If you want to get stronger you will build some muscle. They kind of go together. CNS optimization (aka increasing muscle tension) and technique are also important, but getting stronger goes hand in hand with adding lean body tissue (muscle, tendon, bone).
The body adds lean body tissue as a biological adaptive response to being exposed to a stress. Muscle is added as a biological response to the stress of pressing. If you continue to press more and more weight, the body must respond. Technique and CNS adoptions will occur 1st, since they are less costly and easier to acquire, then muscle growth and even bone growth. Obviously, as you progress from being able to press, for 5 reps, the 16 to 24 to 32 to 48 kg Kbell, your body will change to accommodate this added stress. This change will include lean body tissue addition (muscle). The version of you that can press 48kg for 5 reps will have a different arm, different brain, different nervous system VERSUS the version of you that can only press 16kg for 5 reps.
Non-functional hypertrophy seems very unlikely. Because if you don't stress that muscle with excersise, it is unlikely that it will be forced to adapt. I think the phrase "use it or lose it" would be appropriate here. I'm not sure "non-functional muscle" exists. I would love it if you could show me an example.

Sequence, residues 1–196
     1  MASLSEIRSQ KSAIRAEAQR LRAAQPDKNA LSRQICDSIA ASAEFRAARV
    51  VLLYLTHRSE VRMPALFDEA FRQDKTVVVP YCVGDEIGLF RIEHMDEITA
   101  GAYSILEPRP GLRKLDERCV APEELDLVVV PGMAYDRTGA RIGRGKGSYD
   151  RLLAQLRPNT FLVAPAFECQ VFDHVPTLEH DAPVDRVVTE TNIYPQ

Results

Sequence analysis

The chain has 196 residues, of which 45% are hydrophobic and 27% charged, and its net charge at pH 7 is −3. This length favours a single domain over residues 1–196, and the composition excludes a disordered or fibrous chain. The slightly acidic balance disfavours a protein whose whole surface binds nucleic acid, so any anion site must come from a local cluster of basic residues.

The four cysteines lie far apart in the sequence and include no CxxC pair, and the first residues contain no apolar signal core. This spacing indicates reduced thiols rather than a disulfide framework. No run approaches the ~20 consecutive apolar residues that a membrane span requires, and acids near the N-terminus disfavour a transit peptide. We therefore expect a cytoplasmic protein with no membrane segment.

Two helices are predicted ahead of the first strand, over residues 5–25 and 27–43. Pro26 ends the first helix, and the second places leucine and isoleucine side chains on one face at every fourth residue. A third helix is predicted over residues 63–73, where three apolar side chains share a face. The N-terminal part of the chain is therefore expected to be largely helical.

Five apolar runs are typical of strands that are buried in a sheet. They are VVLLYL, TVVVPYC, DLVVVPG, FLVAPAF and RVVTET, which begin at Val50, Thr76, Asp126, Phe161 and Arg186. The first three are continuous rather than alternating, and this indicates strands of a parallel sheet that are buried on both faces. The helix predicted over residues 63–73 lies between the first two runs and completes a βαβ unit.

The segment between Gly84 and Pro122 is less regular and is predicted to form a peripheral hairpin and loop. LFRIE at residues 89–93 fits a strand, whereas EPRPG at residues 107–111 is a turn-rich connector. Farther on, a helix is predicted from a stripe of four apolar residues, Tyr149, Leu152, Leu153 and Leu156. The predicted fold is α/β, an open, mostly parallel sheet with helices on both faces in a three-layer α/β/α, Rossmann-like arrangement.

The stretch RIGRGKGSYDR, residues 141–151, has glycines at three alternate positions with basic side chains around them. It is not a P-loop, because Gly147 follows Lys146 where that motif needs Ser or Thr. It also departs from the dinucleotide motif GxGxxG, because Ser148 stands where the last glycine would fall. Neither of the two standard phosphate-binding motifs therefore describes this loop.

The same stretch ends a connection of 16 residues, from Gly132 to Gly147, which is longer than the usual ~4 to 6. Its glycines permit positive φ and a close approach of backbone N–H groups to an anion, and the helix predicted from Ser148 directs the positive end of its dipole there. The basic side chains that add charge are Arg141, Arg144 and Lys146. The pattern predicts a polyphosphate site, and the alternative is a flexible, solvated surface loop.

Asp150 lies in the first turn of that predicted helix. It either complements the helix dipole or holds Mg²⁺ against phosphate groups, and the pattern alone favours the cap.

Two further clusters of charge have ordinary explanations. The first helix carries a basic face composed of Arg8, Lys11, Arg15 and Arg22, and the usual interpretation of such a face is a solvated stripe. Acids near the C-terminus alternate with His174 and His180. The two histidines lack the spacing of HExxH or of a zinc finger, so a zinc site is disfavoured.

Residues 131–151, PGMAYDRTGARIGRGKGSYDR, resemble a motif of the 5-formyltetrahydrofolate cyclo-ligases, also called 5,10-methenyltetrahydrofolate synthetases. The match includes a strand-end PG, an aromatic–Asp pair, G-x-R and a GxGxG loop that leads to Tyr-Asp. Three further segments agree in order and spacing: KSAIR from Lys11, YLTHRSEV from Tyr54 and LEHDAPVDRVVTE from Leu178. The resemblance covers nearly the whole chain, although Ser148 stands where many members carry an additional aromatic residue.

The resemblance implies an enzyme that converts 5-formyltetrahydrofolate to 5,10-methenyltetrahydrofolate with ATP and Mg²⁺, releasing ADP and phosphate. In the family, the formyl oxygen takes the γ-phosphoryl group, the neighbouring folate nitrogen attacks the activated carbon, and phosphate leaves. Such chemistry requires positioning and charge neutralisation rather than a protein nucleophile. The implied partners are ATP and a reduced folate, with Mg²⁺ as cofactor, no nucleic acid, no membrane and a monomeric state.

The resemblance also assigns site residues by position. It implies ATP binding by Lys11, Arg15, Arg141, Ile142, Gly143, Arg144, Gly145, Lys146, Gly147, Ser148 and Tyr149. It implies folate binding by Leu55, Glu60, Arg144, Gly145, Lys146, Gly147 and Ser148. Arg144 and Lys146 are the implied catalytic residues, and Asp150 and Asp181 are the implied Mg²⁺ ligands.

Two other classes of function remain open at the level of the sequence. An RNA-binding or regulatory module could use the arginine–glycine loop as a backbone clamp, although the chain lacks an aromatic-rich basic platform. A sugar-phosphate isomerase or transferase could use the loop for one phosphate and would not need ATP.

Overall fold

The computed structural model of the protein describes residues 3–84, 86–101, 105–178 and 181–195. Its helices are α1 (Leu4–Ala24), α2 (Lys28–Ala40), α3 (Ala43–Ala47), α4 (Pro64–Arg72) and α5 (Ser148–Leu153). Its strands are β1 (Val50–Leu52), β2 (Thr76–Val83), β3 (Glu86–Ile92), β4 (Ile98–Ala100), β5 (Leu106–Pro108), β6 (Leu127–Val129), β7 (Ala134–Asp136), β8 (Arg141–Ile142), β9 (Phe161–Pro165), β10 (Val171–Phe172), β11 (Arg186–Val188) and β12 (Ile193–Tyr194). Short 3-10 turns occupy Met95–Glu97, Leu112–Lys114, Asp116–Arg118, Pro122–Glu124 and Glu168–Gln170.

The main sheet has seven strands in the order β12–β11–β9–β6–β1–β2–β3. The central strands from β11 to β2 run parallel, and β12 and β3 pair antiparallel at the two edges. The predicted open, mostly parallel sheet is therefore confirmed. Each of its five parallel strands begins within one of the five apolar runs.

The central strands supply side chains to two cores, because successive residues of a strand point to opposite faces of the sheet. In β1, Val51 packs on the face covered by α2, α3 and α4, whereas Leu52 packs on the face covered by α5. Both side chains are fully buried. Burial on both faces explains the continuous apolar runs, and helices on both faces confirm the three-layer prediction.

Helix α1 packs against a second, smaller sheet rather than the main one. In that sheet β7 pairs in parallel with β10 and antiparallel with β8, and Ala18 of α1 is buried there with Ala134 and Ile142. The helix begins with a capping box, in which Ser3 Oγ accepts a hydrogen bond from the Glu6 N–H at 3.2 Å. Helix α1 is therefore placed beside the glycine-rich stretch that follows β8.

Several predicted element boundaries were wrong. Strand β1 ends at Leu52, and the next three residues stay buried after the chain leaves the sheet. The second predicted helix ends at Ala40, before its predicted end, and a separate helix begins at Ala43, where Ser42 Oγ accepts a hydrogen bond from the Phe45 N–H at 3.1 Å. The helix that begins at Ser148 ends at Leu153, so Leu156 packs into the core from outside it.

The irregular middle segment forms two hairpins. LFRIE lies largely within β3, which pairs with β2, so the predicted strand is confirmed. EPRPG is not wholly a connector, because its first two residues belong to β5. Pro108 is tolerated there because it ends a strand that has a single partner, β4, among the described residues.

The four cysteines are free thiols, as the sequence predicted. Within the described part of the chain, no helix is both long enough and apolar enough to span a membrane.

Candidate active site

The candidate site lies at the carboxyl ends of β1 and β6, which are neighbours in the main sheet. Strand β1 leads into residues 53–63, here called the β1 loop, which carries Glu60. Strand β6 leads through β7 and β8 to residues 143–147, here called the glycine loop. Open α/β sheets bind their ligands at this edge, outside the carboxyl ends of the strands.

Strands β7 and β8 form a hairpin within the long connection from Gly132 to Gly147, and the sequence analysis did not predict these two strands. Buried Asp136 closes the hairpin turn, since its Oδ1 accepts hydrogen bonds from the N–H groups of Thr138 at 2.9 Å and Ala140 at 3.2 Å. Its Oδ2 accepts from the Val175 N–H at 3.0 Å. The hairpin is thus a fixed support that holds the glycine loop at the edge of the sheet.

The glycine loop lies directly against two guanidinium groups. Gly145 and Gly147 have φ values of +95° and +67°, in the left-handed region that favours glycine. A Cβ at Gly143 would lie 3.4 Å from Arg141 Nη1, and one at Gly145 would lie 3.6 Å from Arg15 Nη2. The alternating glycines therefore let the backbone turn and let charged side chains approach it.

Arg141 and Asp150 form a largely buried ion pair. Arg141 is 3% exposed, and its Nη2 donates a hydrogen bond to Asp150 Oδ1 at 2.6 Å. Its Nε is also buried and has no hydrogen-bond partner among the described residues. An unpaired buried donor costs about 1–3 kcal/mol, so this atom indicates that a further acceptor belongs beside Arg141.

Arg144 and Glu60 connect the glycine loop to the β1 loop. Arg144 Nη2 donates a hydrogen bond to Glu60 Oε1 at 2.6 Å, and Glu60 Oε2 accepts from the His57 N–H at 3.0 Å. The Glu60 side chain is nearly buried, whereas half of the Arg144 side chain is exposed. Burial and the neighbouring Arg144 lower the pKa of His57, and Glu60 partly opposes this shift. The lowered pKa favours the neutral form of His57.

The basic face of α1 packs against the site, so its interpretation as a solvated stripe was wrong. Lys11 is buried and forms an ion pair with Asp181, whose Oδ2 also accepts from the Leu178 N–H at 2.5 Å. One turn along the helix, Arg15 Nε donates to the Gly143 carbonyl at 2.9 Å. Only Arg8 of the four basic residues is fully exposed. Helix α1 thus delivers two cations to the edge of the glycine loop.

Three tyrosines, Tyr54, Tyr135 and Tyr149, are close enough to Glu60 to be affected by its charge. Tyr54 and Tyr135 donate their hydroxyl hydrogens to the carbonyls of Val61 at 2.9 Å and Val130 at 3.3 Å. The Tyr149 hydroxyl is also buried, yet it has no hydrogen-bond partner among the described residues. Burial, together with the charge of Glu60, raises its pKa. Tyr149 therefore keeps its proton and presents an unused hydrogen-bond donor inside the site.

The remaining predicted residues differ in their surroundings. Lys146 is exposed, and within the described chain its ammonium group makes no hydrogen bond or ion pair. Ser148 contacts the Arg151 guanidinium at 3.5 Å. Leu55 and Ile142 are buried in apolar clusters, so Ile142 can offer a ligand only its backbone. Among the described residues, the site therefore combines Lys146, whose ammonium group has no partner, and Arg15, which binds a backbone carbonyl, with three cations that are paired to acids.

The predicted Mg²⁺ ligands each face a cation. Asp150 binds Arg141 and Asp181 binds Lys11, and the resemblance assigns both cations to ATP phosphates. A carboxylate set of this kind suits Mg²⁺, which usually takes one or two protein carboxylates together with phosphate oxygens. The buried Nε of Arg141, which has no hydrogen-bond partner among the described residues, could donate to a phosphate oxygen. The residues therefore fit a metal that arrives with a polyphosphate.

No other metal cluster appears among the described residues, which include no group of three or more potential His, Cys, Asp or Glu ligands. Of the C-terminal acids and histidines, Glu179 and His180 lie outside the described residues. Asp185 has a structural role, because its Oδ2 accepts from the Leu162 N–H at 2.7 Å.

A lot of Pavel's writing (especially earlier works) really focus on "strength being a skill". To focus on muscle tension and re-wiring the nervous system to use full body tension (vs isolation). It was revolutionary! But that doesn't mean that adding lean body tissue isn't important.
I'm familiar with Pavel's story about muscly men not being able to press an 88 lb (bulldog) KB at an expo (the Arnold, maybe?) If a muscly man struggles to do a press with an 88 lb KB, one must ask "why"? To me, I imagine that this muscular person's muscles are an adaption to stressors he experiences. Possibly even an adaption to muscular endurance (medium weight, high reps, or bodybuilding). These stressors may not be overhead KB presses. ~20 years ago, the KB was novel. Pressing an awkward object with a thick handle and uneven center of mass requires a bit of practice. No matter how strong or muscular somebody is, what % of these folks could press an 88 lb KB on their 1st attempt? I imagine not too many. I started with a 20kg bell, for example, and I had and have more strength and "muscle" than the average person with a background in strength training. But give that person a couple sessions of practice and I would bet he could press the 88 lb KB (40kg) before the less muscly trainee (all other things being equal).
For 99% of the population, fear of gaining too much muscle is likely mis-placed. There are exceptions though. For example, I could imagine that a serious rock climber would not want big, heavy, muscular legs to weigh him down
A rock climber training heavy squats probably doesn't make sense. Or maybe a serious ultra long distance endurance runner would want to keep their body weight in check. An extra 10 lb of muscle may slow them down. Or any sport that has a weight class. Those athletes must sacrifice certain adaptations in order to stay within a certain weight.
What are your goals?